And so the TARDIS sets off for pastures new.
Bad Wolf / BBC Studios
I don’t think “Empire of Death” paid off the previous episodes with any degree of satisfaction but I never expected it to, either. Davies’s modus operandi is to ignore the mechanics of storytelling in favor of vibes and those brief moments of touching character drama. The whole giant dog in space is weightless compared to the scene where Ruby sits across from her mother. Ironically, it was here that we should have dragged things out — the anticipation of if she would speak up would have been a better use of the show’s time than a lot of what happened last week.
But the ending did make me wonder about who in this world gets the privilege of a happy ending. Davies nearly died of a drug overdose in the mid ‘90s and then lost his partner to a brain tumor in 2018. He’s a cynical, nihilistic writer who feels humanity is only ever one or two missed meals away from the most evil forms of fascism. And yet, it’s rare that he ever plays a minor note at the conclusion of an episode of Doctor Who.
No companion leaves without a parting gift big enough to sooth the pain of being separated from the Doctor. In fact, on two separate occasions, a companion gets their own personal clone of David Tennant. Here, does Ruby get a happy ending by being reunited with her mother, or is it her mother who gets the greatest of absolutions? She never sought her daughter out, never looked to remedy the rupture, yet here she’s welcomed with love.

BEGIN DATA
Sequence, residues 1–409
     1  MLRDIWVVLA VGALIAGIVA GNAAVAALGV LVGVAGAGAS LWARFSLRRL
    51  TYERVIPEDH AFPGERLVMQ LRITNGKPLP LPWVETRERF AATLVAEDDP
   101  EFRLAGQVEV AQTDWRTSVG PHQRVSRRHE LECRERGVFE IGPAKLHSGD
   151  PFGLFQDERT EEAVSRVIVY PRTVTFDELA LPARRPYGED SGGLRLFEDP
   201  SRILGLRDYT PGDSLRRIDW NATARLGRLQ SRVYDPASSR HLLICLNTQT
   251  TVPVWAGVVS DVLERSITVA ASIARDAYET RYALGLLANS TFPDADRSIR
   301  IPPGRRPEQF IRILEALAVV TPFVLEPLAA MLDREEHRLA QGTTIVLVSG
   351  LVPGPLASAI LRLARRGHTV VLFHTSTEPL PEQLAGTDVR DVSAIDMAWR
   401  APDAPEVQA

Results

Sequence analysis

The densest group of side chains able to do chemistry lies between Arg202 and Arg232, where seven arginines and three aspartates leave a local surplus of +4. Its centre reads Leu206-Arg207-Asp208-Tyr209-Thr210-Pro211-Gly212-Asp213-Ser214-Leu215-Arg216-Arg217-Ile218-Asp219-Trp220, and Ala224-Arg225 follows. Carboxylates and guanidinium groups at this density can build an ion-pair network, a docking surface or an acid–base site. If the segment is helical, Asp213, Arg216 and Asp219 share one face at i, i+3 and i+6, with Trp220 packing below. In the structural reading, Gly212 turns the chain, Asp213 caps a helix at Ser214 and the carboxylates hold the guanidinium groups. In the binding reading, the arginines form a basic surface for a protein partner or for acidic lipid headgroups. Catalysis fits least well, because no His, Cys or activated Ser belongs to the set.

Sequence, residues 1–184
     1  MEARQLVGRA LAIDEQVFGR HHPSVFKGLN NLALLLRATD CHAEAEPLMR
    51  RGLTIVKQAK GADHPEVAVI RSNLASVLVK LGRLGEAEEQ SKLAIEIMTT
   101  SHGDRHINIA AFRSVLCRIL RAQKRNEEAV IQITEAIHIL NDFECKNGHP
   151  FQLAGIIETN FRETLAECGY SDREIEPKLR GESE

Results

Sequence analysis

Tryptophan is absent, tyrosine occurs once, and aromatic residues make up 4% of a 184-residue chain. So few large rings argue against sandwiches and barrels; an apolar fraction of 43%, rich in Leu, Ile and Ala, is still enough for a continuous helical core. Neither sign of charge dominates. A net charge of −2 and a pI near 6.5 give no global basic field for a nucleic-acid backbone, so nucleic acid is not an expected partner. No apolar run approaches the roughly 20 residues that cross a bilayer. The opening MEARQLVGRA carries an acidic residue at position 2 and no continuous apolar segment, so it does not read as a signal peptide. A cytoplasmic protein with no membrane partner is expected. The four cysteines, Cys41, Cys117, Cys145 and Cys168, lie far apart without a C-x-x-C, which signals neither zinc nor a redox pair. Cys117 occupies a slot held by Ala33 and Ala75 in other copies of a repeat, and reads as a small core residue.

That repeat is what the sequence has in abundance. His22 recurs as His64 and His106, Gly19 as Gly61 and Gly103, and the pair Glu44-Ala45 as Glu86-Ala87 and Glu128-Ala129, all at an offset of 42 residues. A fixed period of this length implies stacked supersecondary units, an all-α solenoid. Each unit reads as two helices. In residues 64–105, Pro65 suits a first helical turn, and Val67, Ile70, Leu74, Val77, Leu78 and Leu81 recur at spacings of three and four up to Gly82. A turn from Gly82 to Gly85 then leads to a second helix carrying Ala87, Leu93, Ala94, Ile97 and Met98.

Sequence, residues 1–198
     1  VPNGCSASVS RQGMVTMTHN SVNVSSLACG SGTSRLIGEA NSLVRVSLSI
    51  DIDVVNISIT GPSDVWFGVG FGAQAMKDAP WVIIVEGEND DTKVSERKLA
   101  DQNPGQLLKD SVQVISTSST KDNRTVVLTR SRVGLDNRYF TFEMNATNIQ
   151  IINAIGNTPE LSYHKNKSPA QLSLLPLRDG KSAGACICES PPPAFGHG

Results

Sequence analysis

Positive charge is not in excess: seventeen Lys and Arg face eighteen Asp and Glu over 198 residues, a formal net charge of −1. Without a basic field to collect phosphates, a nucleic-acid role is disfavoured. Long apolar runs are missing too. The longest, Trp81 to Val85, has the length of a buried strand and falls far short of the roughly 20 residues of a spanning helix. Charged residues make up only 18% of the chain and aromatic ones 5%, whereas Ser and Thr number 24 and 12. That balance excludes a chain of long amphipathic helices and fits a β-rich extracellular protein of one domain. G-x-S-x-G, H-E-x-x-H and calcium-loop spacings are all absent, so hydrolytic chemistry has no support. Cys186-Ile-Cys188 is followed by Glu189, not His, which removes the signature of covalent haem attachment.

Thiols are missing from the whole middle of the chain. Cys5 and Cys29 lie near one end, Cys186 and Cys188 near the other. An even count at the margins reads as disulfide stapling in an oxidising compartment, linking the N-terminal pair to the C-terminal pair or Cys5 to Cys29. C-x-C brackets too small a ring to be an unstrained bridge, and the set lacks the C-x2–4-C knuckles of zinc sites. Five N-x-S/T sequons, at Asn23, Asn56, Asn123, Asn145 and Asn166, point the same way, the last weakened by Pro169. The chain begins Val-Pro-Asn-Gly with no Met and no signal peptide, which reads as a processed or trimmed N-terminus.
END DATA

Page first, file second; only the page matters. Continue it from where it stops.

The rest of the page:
In fact, this episode provokes plenty of questions for me, including if it’s okay for the people who abandon you to get to live their lives with the comfort of moving on? What about the weird twist that the Doctor kills Sutekh but allows his wave of resurrection to reanimate planets full of evil beings? After all, Telos — one of the Cybermen’s hangouts — gets namechecked as a place that has been saved. Maybe it’s just better to remember that, sometimes, you need to turn your brain off and just feel Doctor Who. See you for the Holiday special.
Mrs Flood Corner
Mrs. Flood is disconnected from Sutekh, breaking the fourth wall at the end of the episode while dressed as a glam rock Mary Poppins. She tells the audience that the Doctor’s ending is on the way and is delighted by the idea, further stoking thoughts that she’s playing a longstanding villain. The obvious guesses — given Mrs. Flood is played by a woman — is that it’ll be some future incarnation of Missy or The Rani. Fine?This article originally appeared on Engadget at